Full Statement by Board President and CEO Condemning Racism
SMUD BOARD OF DIRECTORS’ MEETING
JUNE 9, 2020
Board President Rob Kerth’s Statement
I am exercising a moment of privilege as Board President to change our agenda tonight to first address the brutal and senseless murder of George Floyd. Mr. Floyd's death follows the recent deaths of Ahmaud Arbery and Breonna Taylor and countless Black lives lost before them because of the failure of basic protection and justice afforded to other Americans.
I am also tonight mindful of Raymond Brewer, an outstanding young man from my Norte Del Rio High School, who was gunned down by police 48 years ago for running away with a broom handle.
All of these deaths, and so many, many more, must today and always serve as unforgettable reminders of the systemic racism, unequal treatment, and social injustice that have corroded our community and our nation for generations.
The deep emotional impacts are profound, all the more so for members of our Black community. To our Black community and our Black employees: We see you. We hear you. We stand with you.
Outrage is not enough. Together we must now make permanent change.
Healing from generations of systemic racism and building the understanding and systems to eradicate racism in our community, and nation, won’t be easy. I have to admit, I don't know how to accomplish this healing. So many well-meaning people before us have failed.
I am certain though, that the first step is listening. Together, we must now start the conversations, conversations that lead to understanding, understandings that lead to commitments, then to actions and finally to meaningful change. It starts with listening and understanding.
I speak on behalf of the SMUD Board and our employees by saying we’re committed to listening, to understanding and to being part of the solution. And let me conclude, I am certain on behalf of all of us here, that we condemn the evils of racism.
At this time, I would like to let each of my Board colleagues to share their thoughts with us, before we return to our regular agenda.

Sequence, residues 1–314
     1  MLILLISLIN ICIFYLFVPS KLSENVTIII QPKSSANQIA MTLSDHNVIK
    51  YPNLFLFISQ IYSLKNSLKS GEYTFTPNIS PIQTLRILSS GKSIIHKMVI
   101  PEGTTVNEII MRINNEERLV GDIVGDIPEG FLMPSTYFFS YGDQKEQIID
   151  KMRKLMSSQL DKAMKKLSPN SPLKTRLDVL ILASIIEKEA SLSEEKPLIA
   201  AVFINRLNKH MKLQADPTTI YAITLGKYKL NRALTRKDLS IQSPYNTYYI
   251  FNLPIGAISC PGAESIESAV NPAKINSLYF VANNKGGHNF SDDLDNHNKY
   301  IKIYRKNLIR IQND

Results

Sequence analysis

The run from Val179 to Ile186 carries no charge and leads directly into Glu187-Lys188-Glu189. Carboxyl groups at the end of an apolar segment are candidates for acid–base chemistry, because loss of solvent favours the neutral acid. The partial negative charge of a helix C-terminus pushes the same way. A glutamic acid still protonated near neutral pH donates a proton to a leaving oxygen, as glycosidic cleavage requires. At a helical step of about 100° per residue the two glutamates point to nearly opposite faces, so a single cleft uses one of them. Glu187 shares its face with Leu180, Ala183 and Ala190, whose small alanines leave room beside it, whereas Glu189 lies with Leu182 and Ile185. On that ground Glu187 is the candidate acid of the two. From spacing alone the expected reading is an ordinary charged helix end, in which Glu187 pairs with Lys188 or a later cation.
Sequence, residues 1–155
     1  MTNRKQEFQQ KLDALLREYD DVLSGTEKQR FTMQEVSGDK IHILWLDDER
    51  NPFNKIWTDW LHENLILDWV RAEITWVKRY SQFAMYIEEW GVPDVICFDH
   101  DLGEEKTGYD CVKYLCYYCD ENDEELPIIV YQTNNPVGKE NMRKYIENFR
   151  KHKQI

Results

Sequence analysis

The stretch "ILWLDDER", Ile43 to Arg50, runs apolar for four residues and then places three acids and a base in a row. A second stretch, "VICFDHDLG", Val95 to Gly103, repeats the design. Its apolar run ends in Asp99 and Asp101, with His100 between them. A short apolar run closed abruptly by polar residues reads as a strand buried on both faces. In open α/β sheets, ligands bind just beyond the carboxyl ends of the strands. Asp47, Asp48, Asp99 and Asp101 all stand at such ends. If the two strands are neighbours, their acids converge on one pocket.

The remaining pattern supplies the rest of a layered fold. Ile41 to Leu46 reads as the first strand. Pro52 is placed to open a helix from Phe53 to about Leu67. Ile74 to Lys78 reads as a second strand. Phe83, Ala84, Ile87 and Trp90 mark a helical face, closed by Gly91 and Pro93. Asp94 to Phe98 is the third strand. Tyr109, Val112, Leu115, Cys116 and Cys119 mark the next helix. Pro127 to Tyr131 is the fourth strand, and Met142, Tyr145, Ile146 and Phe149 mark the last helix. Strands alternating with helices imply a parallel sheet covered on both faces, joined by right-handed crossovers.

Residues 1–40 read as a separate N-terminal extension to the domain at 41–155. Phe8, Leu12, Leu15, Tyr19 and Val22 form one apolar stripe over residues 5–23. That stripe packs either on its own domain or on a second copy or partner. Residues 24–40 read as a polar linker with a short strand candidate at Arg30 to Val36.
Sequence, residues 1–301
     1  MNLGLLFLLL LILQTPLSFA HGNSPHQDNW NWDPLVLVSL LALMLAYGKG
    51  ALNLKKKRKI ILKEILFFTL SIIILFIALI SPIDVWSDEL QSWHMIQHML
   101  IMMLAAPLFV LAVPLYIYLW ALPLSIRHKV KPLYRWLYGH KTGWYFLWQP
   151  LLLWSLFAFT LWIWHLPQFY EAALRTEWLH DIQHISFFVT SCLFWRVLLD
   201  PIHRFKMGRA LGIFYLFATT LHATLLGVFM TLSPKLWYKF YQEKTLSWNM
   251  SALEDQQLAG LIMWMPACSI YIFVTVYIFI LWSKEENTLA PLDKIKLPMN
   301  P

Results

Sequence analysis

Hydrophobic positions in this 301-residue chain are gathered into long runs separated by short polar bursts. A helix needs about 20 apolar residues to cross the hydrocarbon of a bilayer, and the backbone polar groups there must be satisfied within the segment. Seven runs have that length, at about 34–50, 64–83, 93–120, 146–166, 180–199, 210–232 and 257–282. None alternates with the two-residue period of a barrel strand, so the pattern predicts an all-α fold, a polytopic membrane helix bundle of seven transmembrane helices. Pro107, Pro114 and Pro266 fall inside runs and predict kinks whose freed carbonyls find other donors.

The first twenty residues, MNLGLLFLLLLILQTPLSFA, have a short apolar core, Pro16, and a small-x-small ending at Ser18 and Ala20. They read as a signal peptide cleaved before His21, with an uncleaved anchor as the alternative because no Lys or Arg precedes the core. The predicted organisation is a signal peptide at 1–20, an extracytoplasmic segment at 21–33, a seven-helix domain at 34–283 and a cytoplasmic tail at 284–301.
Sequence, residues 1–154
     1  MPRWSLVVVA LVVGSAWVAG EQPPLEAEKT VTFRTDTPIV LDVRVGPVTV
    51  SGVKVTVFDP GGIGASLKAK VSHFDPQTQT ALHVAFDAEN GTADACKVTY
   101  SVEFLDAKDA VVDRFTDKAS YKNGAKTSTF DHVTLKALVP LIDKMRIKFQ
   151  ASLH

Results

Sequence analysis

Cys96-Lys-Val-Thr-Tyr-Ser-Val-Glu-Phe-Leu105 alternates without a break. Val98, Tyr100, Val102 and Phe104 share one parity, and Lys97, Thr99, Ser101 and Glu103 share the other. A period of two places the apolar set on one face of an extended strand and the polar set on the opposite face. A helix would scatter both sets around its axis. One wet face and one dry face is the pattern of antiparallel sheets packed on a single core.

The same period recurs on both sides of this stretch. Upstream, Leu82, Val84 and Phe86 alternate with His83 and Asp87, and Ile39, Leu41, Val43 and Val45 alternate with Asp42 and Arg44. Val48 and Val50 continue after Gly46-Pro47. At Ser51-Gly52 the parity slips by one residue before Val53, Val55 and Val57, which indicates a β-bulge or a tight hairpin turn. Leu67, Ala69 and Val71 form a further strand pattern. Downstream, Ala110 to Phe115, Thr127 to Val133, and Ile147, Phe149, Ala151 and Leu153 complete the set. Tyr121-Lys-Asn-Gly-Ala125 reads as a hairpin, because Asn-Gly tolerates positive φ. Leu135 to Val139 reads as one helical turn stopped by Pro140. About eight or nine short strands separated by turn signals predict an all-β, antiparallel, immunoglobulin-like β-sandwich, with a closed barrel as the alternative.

CEO and General Manager Arlen’s Orchard’s Statement
Thank you President Kerth and Board members for your comments on the senseless and brutal murders of George Floyd, Breonna Taylor, Ahmaud Arbery and so many Black lives before them. I echo the Board’s sadness, anger and most importantly, commitment to listening, learning and supporting meaningful change in our community.
It seems entirely appropriate that we should be having this conversation today. The day that we as a nation have joined the family of George Floyd at his memorial service to mourn his death and reconcile our own feelings of outrage and sorrow.
For me it was a profoundly moving day as the entire executive team joined the Black Employee Resource Group for a virtual check in. I want to thank our employees for their courage and frankness during today’s virtual meeting. I know I speak for the entire Executive team when I say it was a very powerful and emotional conversation. The pain, sorrow, fear and anger of our Black employees is a reflection of the emotions of our Black Community.
The murders of George Floyd and so many others are a stark reminder that we are still far from the just society we aspire towards and that as a society and community, we have failed to address decades of unequal justice, economic disparity and systemic racism. As a result of this failure and negligence, generations of Black Americans have and continue to suffer under the pandemic of racism.
Like many of you, I have spent the past couple of weeks in deep reflection, reaching out to Black friends, having conversations with SMUD’s executive team, and more importantly listening with an open heart and an open mind.
I do not pretend to understand the Black experience or the depths of the pain, outrage, grief and despair of our Black community as the events of the past weeks have tragically unfolded, but to our Black colleagues and community members, know that I stand with you and will walk with you to a more just future.